Cases reported "Epidermolysis Bullosa"

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11/62. Artificial skin as a valuable adjunct to surgical treatment of a large squamous cell carcinoma in a patient with epidermolysis bullosa.

    BACKGROUND: Among tissue-engineered skins, two bilayered cellular constructs and one cryopreserved dermal substitute have been approved for the treatment of epidermolysis bullosa. Nevertheless, the application of artificial skin technology to surgical treatment of squamous cell carcinomas in a patient with epidermolysis bullosa has never been reported. OBJECTIVE: To reconstruct the large defect remaining after squamous cell carcinoma excision in a patient with dominantly inherited dystrophic epidermolysis bullosa. methods: To apply a 10 x 15 cm Integra sheet (Integral life-sciences Corporation, Plainsboro, NJ, USA) (an acellular collagen matrix coated with a thin polysiloxane elastomer) to the excised area and 3 weeks later to cover the Integra sheet with an ultrathin meshed skin graft. RESULTS: The graft take was complete, and the donor site totally regenerated, except for three small bullae at 7 weeks postoperatively. CONCLUSION: Integra offers the advantage of filling huge defects with its dermal layer of collagen fibers and provides an optimal graft bed. This first step makes it possible to use very thin grafts 3 weeks later.
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keywords = defect
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12/62. Kindler syndrome: a case report and proposal for clinical diagnostic criteria.

    Kindler syndrome is a rare hereditary disorder characterized by acral blister formation in infancy and childhood, progressive poikiloderma, cutaneous atrophy and increased photosensitivity. Since it was first described in 1954, less than 100 cases have been reported worldwide. Recently it has been reported that Kindler syndrome is the first genodermatosis caused by a defect in the actin-extracellular matrix linkage, and the gene was mapped to chromosome 20p12.3. The clinical features of the syndrome have been annotated by different authors but the definite of criteria to confirm the diagnosis have not yet been generally accepted. We report a case of Kindler syndrome that presents a full spectrum of clinical manifestations, and we propose a set of clinical criteria for diagnosis.
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keywords = defect
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13/62. Histopathological and ultrastructural study of ectodermal dysplasia/skin fragility syndrome.

    ectodermal dysplasia/skin fragility syndrome (EDSFS) (MIM604536) is a newly described autosomal recessive disorder characterized by skin fragility and blistering, palmoplantar keratoderma, abnormal hair growth, nail dystrophy, and occasionally defective sweating. It results from mutations in the PKP1 gene encoding plakophilin 1 (PKP1), which is an important component of stratifying epithelial desmosomes and a nuclear component of many cell types. Our study was performed to further characterize the histopathology of EDSFS in different cutaneous sites with a special emphasis on the hypotrichosis and keratoderma. A total of 4 biopsies were obtained from 2 EDSFS female patients, aged 9 days to 4 years. The biopsies were taken from the blistering skin of the leg and trunk, the hyperkeratotic skin of the sole, and the hypotrichotic scalp. The observed histopathologic features included: widened intercellular spaces, suprabasal intraepidermal clefts and blisters with acantholytic keratinocytes, detachments of the upper epidermal layers due to disadhesion, varying degrees of dyskeratosis that were much more pronounced in the plantar hyperkeratotic skin, and increased number of catagen-telogen hair follicles. The electron-microscopic observations attributed the disadhesion and acantholysis to reduced numbers of small hypoplastic desmosomes, and the dyskeratosis to the detachment of intracellular keratin filaments from the desmosomes with perinuclear condensation, which might also underlie the plantar keratoderma. The hair follicle findings suggest disturbance in the hair cycle, which might be attributed to disturbed nuclear PKP1 function or result from aberrant desmosomal signaling.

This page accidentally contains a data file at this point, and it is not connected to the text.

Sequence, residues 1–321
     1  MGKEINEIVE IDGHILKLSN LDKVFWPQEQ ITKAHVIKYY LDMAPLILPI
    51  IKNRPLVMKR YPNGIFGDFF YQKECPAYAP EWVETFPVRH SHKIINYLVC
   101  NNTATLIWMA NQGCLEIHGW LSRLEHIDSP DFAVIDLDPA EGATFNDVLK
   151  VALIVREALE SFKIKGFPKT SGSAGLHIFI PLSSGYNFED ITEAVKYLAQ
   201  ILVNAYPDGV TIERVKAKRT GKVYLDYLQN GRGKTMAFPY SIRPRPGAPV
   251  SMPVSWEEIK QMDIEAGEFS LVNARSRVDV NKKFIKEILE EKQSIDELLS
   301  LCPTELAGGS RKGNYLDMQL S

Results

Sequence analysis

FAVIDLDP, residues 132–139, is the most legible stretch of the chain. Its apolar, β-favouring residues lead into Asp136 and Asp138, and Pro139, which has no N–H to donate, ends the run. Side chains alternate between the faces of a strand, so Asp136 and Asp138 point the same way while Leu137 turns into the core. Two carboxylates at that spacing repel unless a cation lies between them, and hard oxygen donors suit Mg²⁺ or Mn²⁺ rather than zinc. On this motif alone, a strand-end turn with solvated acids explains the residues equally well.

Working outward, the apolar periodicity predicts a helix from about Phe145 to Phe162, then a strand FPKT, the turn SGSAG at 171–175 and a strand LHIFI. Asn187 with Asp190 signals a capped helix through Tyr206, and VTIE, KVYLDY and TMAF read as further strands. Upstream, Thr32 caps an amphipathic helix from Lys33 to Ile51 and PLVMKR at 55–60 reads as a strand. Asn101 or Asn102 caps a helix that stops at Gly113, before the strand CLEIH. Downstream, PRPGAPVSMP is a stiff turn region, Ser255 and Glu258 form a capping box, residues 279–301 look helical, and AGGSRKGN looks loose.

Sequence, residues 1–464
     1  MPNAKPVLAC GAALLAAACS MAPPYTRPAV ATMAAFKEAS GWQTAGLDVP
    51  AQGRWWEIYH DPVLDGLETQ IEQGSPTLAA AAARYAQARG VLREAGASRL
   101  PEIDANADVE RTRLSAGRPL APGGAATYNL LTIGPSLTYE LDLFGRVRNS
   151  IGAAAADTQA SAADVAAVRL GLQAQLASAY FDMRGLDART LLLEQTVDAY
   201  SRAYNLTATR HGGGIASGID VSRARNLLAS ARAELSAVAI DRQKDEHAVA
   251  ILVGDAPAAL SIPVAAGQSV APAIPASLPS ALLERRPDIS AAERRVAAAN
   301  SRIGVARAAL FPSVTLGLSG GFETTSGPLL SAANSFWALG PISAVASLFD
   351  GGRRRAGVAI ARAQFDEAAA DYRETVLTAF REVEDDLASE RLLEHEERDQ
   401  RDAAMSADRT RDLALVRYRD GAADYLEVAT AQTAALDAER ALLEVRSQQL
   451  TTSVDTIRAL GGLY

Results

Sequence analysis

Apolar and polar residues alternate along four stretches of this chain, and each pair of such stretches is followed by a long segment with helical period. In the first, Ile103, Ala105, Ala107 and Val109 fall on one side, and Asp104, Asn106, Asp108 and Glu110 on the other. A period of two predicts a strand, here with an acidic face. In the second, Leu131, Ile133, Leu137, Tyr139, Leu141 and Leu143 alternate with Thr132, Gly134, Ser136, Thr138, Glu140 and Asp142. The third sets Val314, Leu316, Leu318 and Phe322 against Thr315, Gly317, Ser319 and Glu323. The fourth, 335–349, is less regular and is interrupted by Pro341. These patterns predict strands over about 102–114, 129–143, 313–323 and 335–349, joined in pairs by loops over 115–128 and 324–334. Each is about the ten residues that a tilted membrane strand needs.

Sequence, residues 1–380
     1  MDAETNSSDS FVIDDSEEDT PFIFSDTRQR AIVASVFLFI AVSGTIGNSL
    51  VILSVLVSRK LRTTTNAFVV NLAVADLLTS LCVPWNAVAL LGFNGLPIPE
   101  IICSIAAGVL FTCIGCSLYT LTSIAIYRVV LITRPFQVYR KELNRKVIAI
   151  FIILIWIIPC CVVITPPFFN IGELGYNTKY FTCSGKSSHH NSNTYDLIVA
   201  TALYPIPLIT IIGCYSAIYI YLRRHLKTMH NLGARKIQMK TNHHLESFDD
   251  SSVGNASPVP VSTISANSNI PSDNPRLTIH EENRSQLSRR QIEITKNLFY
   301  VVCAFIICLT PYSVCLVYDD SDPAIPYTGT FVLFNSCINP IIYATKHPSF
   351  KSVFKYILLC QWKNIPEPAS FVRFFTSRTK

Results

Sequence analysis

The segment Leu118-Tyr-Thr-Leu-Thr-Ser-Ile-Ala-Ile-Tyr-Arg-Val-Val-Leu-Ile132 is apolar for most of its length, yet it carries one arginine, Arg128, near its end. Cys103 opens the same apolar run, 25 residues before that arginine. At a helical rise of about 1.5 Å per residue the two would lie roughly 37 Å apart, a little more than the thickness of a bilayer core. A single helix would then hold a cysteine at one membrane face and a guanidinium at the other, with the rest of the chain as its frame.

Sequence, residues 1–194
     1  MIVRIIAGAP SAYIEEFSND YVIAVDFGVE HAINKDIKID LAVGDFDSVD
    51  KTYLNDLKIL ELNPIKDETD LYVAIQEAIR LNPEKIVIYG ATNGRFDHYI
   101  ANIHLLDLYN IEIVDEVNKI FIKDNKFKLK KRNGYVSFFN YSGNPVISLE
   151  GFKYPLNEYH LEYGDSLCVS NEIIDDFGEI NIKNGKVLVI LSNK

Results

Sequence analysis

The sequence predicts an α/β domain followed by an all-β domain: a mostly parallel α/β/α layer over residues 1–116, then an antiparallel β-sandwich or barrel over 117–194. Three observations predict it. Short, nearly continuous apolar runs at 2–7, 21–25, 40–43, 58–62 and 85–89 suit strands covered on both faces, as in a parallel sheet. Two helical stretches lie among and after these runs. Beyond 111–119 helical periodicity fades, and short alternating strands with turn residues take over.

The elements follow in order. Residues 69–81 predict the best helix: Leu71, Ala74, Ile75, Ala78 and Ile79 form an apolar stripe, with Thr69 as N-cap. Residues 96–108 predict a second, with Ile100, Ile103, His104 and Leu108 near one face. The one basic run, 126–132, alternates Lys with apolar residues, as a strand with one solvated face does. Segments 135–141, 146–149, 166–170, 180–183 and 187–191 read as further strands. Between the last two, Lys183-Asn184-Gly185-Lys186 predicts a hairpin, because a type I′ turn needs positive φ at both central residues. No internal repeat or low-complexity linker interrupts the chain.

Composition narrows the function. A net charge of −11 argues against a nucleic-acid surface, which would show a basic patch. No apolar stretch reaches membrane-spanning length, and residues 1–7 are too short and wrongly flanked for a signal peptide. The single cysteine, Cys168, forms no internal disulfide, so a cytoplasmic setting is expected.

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keywords = defect
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14/62. cleft lip and cleft palate closure in 13 month-old female with epidermolysis bullosa.

    Skin blistering and fragility are hallmarks of the rare hereditary disease called epidermolysis bullosa, affecting mainly the skin but also all mucocutaneous layers and sometimes the aerodigestive tract. Orofacial clefts are among the most common structural birth defects in humans, seen about 2 cases per 1000 births. This case report illustrates the closure of cleft lip and cleft palate in 13 month female with epidermolysis bullosa.